I was contacted yesterday by Huffington Post Canada editor Natalie Stechyson to comment about the circumstances surrounding the death of Justin Mathews, age 33 of Edmonton Alberta Canada, which comments were published here: Expert Sounds Alarm On Hidden Nut Allergens After Workplace Death. I extend my sincere condolences to Justin’s family. I share their hope that by discussing the circumstances of his untimely death, no one else will die in this extremely unfortunate way.
Justin was allergic to tree nuts. He walked into a work site to test its air quality following sand blasting or media blasting to remove lead paint. His family advises that after 20 minutes inside the building, he went outside feeling unable to catch his breath, and then he collapsed.
It turns out that the blasting material used was walnut shells instead of a regular silica based product, so the air would have had a high concentration of airborne nut allergen, and Justin had no knowledge of this. His family has stated to the press, and I agree, that signage and material safety data sheets should be required when a top allergen is present in a substance used on site.
I pointed out to Ms. Stechyson that nut shells can be present in other building materials as well, such as non-slip paint, wood stains, flooring, counter tops and particle board. An excellent resource for allergens in non-food products is the blog Chemurgy and Allergens. Non-food products containing other allergens such as corn, milk, soy and sesame are also considered.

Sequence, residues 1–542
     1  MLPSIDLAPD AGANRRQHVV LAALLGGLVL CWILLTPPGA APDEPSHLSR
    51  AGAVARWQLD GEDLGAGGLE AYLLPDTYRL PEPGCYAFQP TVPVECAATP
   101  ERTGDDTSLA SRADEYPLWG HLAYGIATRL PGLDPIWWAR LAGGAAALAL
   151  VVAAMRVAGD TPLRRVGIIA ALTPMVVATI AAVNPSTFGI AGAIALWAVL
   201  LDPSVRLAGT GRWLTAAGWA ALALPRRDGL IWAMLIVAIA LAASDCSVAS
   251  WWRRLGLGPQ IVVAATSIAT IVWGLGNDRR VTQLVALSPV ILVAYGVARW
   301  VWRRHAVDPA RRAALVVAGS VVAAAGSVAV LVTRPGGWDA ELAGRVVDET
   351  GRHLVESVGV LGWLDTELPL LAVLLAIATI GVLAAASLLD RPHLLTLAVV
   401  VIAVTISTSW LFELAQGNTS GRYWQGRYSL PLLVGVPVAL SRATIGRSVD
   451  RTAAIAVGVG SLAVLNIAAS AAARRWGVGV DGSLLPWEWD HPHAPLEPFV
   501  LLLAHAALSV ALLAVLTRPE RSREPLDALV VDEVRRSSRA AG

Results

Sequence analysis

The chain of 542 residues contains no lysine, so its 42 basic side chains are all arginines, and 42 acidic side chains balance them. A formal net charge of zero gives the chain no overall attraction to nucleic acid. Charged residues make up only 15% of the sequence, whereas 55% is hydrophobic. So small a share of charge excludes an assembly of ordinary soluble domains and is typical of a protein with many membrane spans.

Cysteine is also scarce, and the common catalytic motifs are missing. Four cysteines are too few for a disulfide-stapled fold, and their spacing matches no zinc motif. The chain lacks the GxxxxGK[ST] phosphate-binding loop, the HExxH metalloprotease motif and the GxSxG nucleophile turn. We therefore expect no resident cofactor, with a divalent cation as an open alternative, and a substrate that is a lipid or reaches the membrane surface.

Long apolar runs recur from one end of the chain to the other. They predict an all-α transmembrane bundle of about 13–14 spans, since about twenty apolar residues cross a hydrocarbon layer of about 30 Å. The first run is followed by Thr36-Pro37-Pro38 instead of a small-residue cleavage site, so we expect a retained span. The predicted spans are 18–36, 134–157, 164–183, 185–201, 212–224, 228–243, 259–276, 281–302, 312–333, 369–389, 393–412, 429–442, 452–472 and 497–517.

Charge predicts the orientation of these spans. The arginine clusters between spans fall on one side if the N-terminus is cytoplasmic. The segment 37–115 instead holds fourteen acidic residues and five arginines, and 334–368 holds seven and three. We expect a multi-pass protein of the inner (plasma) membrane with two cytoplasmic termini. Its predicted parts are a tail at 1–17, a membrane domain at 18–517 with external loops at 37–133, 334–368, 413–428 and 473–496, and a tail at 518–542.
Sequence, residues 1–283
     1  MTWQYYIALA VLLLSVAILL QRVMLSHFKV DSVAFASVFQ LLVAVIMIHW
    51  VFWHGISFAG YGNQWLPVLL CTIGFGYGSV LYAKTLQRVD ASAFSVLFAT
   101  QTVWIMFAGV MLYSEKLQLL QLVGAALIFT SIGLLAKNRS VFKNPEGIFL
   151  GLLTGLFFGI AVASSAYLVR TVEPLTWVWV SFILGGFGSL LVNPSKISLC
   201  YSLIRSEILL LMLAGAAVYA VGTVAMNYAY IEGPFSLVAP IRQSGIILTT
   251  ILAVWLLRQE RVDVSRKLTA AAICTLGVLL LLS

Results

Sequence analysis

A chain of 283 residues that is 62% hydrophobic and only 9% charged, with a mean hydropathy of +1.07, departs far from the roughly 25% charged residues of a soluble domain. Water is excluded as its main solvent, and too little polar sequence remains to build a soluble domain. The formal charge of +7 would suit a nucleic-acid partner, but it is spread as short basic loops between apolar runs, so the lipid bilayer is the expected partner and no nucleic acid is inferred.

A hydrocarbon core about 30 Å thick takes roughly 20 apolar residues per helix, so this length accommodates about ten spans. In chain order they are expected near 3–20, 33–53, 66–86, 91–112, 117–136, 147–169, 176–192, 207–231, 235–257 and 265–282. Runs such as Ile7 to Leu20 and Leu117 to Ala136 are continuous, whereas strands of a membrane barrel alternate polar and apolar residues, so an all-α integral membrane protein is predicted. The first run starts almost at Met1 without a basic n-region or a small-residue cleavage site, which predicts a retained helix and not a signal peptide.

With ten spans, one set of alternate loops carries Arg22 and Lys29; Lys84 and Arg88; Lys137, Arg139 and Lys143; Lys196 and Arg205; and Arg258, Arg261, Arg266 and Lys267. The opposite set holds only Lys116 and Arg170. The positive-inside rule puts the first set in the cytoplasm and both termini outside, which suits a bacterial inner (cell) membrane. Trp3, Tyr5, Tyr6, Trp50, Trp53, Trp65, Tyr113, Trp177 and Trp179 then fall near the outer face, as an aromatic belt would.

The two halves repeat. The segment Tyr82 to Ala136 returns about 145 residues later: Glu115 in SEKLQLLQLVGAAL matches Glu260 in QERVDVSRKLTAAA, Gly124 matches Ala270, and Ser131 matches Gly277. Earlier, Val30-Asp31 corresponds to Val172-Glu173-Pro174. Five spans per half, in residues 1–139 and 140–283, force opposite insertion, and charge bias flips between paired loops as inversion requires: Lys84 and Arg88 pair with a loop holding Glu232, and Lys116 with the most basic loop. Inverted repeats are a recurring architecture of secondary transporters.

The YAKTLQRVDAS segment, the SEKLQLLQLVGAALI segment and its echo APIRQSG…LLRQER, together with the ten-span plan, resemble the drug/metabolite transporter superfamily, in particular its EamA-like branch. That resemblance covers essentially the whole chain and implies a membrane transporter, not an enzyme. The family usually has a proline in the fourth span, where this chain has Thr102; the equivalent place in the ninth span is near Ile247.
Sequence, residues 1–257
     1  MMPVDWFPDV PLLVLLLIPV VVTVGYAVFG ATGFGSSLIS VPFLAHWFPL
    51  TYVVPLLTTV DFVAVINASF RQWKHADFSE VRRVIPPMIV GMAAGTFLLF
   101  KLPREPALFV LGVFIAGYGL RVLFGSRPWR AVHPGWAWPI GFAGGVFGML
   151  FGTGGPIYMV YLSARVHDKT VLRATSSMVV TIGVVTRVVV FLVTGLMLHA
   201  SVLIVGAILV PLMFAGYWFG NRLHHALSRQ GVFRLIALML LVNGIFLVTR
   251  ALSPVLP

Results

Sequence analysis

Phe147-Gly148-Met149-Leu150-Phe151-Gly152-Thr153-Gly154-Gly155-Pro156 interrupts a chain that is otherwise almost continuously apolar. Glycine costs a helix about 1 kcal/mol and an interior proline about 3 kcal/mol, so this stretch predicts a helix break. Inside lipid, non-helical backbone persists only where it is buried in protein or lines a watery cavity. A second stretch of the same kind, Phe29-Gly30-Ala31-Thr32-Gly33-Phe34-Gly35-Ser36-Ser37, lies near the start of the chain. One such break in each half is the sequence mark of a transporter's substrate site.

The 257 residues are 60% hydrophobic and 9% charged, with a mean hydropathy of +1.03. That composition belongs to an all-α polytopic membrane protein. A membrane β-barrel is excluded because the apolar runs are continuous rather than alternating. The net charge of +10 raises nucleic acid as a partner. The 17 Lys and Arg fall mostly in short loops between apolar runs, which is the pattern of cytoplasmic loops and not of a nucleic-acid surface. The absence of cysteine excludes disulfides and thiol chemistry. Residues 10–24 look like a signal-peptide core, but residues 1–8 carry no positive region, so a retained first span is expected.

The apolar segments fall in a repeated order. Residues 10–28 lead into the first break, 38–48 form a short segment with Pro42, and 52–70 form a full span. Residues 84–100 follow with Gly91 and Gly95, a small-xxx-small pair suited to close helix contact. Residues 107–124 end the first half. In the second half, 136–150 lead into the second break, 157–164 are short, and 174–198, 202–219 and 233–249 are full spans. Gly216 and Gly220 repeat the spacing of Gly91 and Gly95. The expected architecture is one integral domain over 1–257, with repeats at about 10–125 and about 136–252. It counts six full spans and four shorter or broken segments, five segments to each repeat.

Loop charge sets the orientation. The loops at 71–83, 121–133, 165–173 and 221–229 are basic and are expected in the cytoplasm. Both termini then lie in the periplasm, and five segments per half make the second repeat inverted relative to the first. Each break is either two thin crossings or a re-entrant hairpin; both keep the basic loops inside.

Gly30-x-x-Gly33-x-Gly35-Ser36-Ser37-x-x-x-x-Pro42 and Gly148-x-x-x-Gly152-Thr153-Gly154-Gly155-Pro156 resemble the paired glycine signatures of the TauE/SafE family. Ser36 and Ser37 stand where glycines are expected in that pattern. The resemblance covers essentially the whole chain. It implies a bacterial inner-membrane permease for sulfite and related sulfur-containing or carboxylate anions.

It breaks my heart to think of Justin beginning to feel unwell without any knowledge that he was inhaling his allergen. I expect he was confident that he hadn’t consumed or come in contact with nuts that day, so I imagine he would have soldiered on with his job and not considered that he was having an allergic reaction, let alone considered using epinephrine. In other words, through lack of allergen information, Justin had no opportunity to save himself.
Tragically, even if Justin had thought of using epinephrine, he didn’t have his EpiPens with him, the fire station where he was working didn’t have any on hand, and the first responders that arrived didn’t have epinephrine either. EpiPens are a behind the counter medication in Canada, which can be purchased directly from the pharmacist without a prescription and easily included in a first aid kit. Due to the work of the Canadian Anaphylaxis Initiative, some fire trucks do stock epinephrine. It is my hope that many more will now follow suit to prevent tragedies like this, that each person with food allergies or asthma will carry two EpiPens at all times, and that every person reading this article will take one hour to learn anaphylaxis first aid (you can take a course by clicking here).
Despite receiving CPR, deprived of oxygen, 80% of Justin’s brain was dead by the time he arrived at the hospital. He was taken off life support and died five days later.
It provides some comfort to know that an Occupational Health and Safety investigation into Justin’s death is occurring, which must be completed within two years of the incident. My hope is that as Sabrina Shannon’s death from anaphylaxis and Ryan Gibbon’s death from asthma led to greater safety for children in Ontario schools, Justin Mathew’s death will lead to greater safety for allergic individuals on the work site. Perhaps we can all find some comfort in that.
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